CARRBORO, N.C. (WNCN) – While large police departments like Raleigh and Durham are dealing a shortage of officers, smaller police departments such as Carrboro are facing the same challenge with 23 percent of their positions vacant.

Currently, nine out of the Carrboro Police Department’s 39 officer positions are open, which means nearly a quarter of their department’s positions are vacant, according to Carrboro police officials.

“It takes a toll when we run short, especially for extended periods of time,” said Carrboro Police Chief Chris Atack.

Atack said the shortage of officers is something Carrboro police has not experienced since 2001.

“We’ve had to pull together and ask people to be patient and take a deep breath,” Atack said.

Atack said patrol shifts are now about 50 percent staffed on a regular basis and recently they have had to hold certain low priority calls.

“Recently we’ve had to stack them, we’ve had to prioritize them, and hold calls until we get personnel who can address them,” Atack said.

Atack said the average response time in Carrboro for a priority 1 call in 2021 was 3 minutes and 36 seconds. In the first quarter of 2022, Carrboro’s average response time for priority 1 calls climbed to about 5 minutes.

“It can be a real challenge to provide the service at the level to the community that we expect and that the community expects,” Atack said.

Carrboro is one of several police departments in the area experiencing a shortage of officers.

In Goldsboro, 29 out of their 108 positions are vacant, which means 27 percent of their officer positions are open.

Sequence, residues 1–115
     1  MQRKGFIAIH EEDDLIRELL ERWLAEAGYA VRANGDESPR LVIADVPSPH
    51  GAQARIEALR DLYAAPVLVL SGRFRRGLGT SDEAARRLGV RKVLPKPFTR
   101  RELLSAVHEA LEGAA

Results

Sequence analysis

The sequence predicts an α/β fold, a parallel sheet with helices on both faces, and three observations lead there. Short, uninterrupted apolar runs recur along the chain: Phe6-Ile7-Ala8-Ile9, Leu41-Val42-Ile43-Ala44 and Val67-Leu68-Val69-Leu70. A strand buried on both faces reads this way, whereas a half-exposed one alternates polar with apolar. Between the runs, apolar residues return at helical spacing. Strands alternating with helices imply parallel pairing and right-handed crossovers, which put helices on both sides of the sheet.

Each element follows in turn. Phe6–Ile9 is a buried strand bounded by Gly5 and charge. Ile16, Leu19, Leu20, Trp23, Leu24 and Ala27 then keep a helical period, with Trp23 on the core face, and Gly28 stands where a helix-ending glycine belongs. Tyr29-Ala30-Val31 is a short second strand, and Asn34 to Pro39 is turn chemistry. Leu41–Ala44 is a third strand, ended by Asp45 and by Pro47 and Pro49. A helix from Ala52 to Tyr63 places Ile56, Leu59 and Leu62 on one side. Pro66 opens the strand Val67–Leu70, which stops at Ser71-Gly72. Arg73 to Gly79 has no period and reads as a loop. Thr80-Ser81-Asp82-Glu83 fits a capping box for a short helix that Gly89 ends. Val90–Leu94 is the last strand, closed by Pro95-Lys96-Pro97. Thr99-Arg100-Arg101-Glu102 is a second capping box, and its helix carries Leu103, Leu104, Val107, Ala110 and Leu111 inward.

In Raleigh, the latest numbers from Raleigh police show that 168 out of 801 officer positions are vacant. And in Durham, officials have said 101 out of their 537 officer positions are open.

In Chapel Hill, 14 out of their 102 positions are vacant, which means 13 percent of the officer positions are open.

However, not all police departments are experiencing shortages. Roxboro police, Garner police, and Hillsborough police all tell CBS 17 they have zero vacancies.

Atack said he is lucky to receive an application from a candidate in his email every two weeks.

“I get an email when we get an application, it comes right to me and we all look at it to see who it is,” Atack said.

To try to recruit more officers, Atack said the Town of Carrboro is conducting a comprehensive pay study to see how high they can increase the starting pay for officers.

Currently, starting officers in Carrboro make $46,878 a year, which is lower than the $50,000 a year that starting officers in Chapel Hill earn.

Atack said their department has also started a recruiting plan to try to build relationships in the community with possible officer candidates.

“We’re going to get through this, it’s just really challenging right now,” Attack said.

If you would like to apply for a position at the Carrboro Police Department, click on this website.